These wonder-workers "have a long history among the Jewish people" according to Nigal. The profession of baal shem has been found in southern Italy, central Europe among the Ashkenaz, and in Eastern Europe. There is also a tradition of the "shortening of the way" making it possible for someone to travel great distances in a short period of time. In modern society the need for such a miracle has been replaced by our rapid means of transportation, and so the miracle is no longer sought.

According to the article:

The baalei shem dealt with the magical. Magic, or "sorcery," as it appears in the sources, was forbidden by Jewish law, and presumably, there was no such thing as Jewish magic. The Torah states this clearly: "You shall not suffer a sorceress to live" (Exodus 22:17). Sorcery was, however, prevalent in different periods, and it could not be fought frontally. It is possible that the opposition to sorcery, on one hand, and the realization that the masses "needed" it, on the other hand, led to its restriction and to its attribution to a certain type of people. The Jew was no different from the non-Jew in the "need" for people possessing supernatural powers and for their activity. In the non-Jewish world, however, these individuals were called "sorcerers," while among the Jewish people they were known as "baalei shem." The Jews evaded the prohibition against sorcery by determining that there were powers of sanctity - the use of which was permitted - and powers of impurity, and only these constituted sorcery and therefore were prohibited.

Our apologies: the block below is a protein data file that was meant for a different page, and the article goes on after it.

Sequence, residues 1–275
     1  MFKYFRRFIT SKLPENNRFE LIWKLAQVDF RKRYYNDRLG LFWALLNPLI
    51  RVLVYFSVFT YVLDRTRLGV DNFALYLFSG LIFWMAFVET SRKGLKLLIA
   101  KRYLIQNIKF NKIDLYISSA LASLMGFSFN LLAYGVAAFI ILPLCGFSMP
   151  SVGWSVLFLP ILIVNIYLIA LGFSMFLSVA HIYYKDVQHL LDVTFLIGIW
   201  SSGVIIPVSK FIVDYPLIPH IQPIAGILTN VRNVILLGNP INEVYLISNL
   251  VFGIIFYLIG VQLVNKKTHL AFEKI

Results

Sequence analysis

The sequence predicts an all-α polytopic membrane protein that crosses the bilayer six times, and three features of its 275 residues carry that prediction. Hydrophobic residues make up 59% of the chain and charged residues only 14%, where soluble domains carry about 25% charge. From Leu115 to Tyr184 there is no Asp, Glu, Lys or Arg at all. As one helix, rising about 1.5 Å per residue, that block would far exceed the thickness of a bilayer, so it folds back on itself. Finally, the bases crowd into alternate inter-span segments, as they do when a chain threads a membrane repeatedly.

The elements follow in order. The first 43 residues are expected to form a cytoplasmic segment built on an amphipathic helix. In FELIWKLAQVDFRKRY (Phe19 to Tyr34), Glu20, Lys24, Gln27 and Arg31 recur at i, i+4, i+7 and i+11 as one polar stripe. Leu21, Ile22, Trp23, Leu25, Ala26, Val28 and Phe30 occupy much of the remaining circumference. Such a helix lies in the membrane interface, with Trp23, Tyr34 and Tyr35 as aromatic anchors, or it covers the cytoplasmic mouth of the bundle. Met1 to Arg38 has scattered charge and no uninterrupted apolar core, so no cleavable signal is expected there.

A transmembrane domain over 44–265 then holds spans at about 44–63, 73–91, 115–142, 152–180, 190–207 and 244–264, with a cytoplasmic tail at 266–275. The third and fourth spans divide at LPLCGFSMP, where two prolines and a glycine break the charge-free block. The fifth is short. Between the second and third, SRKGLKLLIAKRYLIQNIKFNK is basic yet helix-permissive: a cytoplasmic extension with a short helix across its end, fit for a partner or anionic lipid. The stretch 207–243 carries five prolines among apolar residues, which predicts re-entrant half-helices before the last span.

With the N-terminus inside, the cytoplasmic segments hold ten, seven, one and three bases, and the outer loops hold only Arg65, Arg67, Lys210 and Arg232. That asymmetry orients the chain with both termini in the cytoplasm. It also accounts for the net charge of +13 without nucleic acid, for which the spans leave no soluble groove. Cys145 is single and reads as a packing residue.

The article discusses briefly the material contained in the author's longer work by the same name. In the book he deals "with transmigration (reincarnation) and exorcism". In the article he tells us that "the belief in transmigration is deeply rooted among hasidim and kabbalists." That would place Hasidim at odds with Christianity which rejects reincarnation. It would, however, demonstrate a common ground with New Age and Theosophy, both of which incorporate reincarnation as a central doctrine.